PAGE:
One of the most frequently challenged/banned books is To Kill a Mockingbird by Harper Lee.  Published in 1960, this Pulitzer Prize winning novel is challenged for its offensive language and racism.  However, racism is exactly what Lee seems to be fighting against in this classic novel.  Scout, Jem, and we as readers learn about life and how to treat one another through poignant messages such as

  • “You never really understand a person until you consider things from his point of view… Until you climb inside of his skin and walk around in it.”
  • “I wanted you to see what real courage is, instead of getting the idea that courage is a man with a gun in his hand. It’s when you know you’re licked before you begin, but you begin anyway and see it through no matter what.
  • “I think there’s just one kind of folks. Folks.”

If you’ve never read Harper Lee’s novel, or if it’s been decades since you’ve read it, I highly recommend that you check it out.  Chapter after chapter will remind you why this banned book is also on the Must Read list.

Check out how many books you’ve read on the American Library Association’s (ALA) Top 100 Banned/Challenged Books from 2000-2009:

1. Harry Potter (series), by J.K. Rowling
2. Alice series, by Phyllis Reynolds Naylor
3. The Chocolate War, by Robert Cormier
4. And Tango Makes Three, by Justin Richardson/Peter Parnell
5. Of Mice and Men, by John Steinbeck
6. I Know Why the Caged Bird Sings, by Maya Angelou
7. Scary Stories (series), by Alvin Schwartz
8. His Dark Materials (series), by Philip Pullman
9. ttyl; ttfn; l8r g8r (series), by Lauren Myracle
10. The Perks of Being a Wallflower, by Stephen Chbosky
11. Fallen Angels, by Walter Dean Myers
12. It’s Perfectly Normal, by Robie Harris
13. Captain Underpants (series), by Dav Pilkey
14. The Adventures of Huckleberry Finn, by Mark Twain
15. The Bluest Eye, by Toni Morrison
16. Forever, by Judy Blume
17. The Color Purple, by Alice Walker
18. Go Ask Alice, by Anonymous
19. Catcher in the Rye, by J.D. Salinger
20. King and King, by Linda de Haan
21. To Kill A Mockingbird, by Harper Lee
22. Gossip Girl (series), by Cecily von Ziegesar
23. The Giver, by Lois Lowry
24. In the Night Kitchen, by Maurice Sendak
25. Killing Mr. Griffen, by Lois Duncan
26. Beloved, by Toni Morrison
27. My Brother Sam Is Dead, by James Lincoln Collier
28. Bridge To Terabithia, by Katherine Paterson
29. The Face on the Milk Carton, by Caroline B. Cooney
30. We All Fall Down, by Robert Cormier
31. What My Mother Doesn’t Know, by Sonya Sones
32. Bless Me, Ultima, by Rudolfo Anaya
33. Snow Falling on Cedars, by David Guterson
34. The Earth, My Butt, and Other Big, Round Things, by Carolyn Mackler
35. Angus, Thongs, and Full Frontal Snogging, by Louise Rennison
36. Brave New World, by Aldous Huxley
37. It’s So Amazing, by Robie Harris
38. Arming America, by Michael Bellasiles
39. Kaffir Boy, by Mark Mathabane
40. Life is Funny, by E.R. Frank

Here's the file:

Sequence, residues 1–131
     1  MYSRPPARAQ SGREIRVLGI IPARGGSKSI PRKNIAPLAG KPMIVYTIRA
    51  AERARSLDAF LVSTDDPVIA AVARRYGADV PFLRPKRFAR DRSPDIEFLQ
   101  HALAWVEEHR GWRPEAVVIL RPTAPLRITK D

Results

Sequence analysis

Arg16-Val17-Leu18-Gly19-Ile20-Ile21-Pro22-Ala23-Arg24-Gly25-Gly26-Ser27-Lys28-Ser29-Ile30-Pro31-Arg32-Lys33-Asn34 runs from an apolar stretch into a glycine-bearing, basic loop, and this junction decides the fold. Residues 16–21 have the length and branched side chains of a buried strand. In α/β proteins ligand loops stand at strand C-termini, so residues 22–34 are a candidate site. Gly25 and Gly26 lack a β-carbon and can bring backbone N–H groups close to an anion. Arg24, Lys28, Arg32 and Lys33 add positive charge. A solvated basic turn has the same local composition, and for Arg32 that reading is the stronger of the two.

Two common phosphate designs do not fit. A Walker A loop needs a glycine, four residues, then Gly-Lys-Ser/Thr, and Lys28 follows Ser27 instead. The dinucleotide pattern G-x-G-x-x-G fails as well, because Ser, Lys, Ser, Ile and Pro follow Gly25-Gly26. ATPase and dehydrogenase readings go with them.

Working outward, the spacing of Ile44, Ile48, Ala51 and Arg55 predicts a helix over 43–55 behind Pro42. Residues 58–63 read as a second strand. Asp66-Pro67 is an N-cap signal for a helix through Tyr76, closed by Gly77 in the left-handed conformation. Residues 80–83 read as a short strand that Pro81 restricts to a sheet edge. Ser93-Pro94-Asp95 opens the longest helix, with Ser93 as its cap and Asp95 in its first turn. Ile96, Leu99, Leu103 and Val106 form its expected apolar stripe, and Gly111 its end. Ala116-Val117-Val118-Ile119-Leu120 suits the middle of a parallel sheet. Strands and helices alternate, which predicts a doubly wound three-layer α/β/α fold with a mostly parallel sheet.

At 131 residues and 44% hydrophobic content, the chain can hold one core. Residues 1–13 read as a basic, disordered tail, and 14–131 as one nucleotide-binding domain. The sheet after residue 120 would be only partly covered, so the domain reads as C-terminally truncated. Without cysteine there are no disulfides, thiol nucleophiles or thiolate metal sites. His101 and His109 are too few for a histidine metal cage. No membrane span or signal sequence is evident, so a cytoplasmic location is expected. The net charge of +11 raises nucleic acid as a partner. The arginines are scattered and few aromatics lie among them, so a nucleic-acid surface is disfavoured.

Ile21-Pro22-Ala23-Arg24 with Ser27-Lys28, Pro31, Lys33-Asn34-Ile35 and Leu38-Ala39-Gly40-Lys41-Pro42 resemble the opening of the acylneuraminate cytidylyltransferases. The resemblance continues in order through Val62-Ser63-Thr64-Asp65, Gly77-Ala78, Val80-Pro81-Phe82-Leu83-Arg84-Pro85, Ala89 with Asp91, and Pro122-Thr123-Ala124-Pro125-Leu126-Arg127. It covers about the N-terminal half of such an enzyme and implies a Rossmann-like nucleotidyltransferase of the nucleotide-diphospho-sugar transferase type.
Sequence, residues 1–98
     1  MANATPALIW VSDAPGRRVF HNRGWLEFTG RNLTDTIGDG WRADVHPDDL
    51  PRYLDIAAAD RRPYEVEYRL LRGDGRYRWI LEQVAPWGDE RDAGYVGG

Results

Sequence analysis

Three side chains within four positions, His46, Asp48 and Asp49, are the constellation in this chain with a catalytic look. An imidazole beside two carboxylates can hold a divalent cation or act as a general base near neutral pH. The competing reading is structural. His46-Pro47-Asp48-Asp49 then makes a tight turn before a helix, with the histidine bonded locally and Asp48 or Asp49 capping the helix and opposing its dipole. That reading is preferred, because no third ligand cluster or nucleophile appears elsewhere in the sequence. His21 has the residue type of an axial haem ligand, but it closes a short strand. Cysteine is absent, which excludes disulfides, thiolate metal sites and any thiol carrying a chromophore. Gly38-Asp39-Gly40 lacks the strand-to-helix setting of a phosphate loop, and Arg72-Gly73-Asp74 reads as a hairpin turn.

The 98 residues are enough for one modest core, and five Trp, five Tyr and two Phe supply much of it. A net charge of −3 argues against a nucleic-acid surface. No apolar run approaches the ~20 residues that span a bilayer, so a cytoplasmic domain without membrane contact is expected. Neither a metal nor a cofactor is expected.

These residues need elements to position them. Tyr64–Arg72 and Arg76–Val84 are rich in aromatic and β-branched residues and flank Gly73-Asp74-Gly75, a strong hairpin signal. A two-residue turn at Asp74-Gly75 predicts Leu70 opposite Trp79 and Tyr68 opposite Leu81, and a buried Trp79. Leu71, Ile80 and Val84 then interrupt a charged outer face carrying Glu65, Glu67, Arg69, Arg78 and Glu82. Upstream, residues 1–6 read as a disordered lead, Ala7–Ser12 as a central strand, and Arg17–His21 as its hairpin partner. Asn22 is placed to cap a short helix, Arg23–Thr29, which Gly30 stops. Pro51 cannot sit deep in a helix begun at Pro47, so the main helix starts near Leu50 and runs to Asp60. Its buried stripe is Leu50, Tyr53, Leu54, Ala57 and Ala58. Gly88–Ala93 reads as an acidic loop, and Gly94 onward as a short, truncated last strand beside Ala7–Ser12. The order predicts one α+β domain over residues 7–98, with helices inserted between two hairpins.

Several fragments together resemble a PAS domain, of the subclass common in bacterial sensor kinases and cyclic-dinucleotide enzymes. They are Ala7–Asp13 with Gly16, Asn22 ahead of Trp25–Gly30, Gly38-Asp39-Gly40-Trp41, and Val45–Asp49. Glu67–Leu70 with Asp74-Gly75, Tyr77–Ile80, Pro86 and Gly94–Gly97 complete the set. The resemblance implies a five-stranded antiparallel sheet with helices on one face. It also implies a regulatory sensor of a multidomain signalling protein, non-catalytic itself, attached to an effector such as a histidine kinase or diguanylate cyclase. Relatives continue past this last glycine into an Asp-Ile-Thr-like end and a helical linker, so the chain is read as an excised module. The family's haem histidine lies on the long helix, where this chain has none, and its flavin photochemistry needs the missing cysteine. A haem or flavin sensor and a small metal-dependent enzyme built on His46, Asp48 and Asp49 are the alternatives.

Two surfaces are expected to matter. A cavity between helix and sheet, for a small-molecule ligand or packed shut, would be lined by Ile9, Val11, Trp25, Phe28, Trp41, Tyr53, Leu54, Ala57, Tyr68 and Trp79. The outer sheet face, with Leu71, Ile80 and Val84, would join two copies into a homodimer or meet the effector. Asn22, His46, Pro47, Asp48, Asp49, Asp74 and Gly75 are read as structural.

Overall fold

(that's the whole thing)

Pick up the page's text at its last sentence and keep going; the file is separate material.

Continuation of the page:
41. Whale Talk, by Chris Crutcher
42. The Fighting Ground, by Avi
43. Blubber, by Judy Blume
44. Athletic Shorts, by Chris Crutcher
45. Crazy Lady, by Jane Leslie Conly
46. Slaughterhouse-Five, by Kurt Vonnegut
47. The Adventures of Super Diaper Baby: The First Graphic Novel by George Beard and Harold Hutchins, the creators of Captain Underpants, by Dav Pilkey
48. Rainbow Boys, by Alex Sanchez
49. One Flew Over the Cuckoo’s Nest, by Ken Kesey
50. The Kite Runner, by Khaled Hosseini
51. Daughters of Eve, by Lois Duncan
52. The Great Gilly Hopkins, by Katherine Paterson
53. You Hear Me?, by Betsy Franco
54. The Facts Speak for Themselves, by Brock Cole
55. Summer of My German Soldier, by Bette Green
56. When Dad Killed Mom, by Julius Lester
57. Blood and Chocolate, by Annette Curtis Klause
58. Fat Kid Rules the World, by K.L. Going
59. Olive’s Ocean, by Kevin Henkes
60. Speak, by Laurie Halse Anderson
61. Draw Me A Star, by Eric Carle
62. The Stupids (series), by Harry Allard
63. The Terrorist, by Caroline B. Cooney
64. Mick Harte Was Here, by Barbara Park
65. The Things They Carried, by Tim O’Brien
66. Roll of Thunder, Hear My Cry, by Mildred Taylor
67. A Time to Kill, by John Grisham
68. Always Running, by Luis Rodriguez
69. Fahrenheit 451, by Ray Bradbury
70. Harris and Me, by Gary Paulsen
71. Junie B. Jones (series), by Barbara Park
72. Song of Solomon, by Toni Morrison
73. What’s Happening to My Body Book, by Lynda Madaras
74. The Lovely Bones, by Alice Sebold
75. Anastasia (series), by Lois Lowry
76. A Prayer for Owen Meany, by John Irving
77. Crazy: A Novel, by Benjamin Lebert
78. The Joy of Gay Sex, by Dr. Charles Silverstein
79. The Upstairs Room, by Johanna Reiss
80. A Day No Pigs Would Die, by Robert Newton Peck
81. Black Boy, by Richard Wright
82. Deal With It!, by Esther Drill
83. Detour for Emmy, by Marilyn Reynolds
84. So Far From the Bamboo Grove, by Yoko Watkins
85. Staying Fat for Sarah Byrnes, by Chris Crutcher
86. Cut, by Patricia McCormick
87. Tiger Eyes, by Judy Blume
88. The Handmaid’s Tale, by Margaret Atwood
89. Friday Night Lights, by H.G. Bissenger
90. A Wrinkle in Time, by Madeline L’Engle
91. Julie of the Wolves, by Jean Craighead George
92. The Boy Who Lost His Face, by Louis Sachar
93. Bumps in the Night, by Harry Allard
94. Goosebumps (series), by R.L. Stine
95. Shade’s Children, by Garth Nix
96. Grendel, by John Gardner
97. The House of the Spirits, by Isabel Allende
98. I Saw Esau, by Iona Opte
99. Are You There, God?  It’s Me, Margaret, by Judy Blume
100. America: A Novel, by E.R. Frank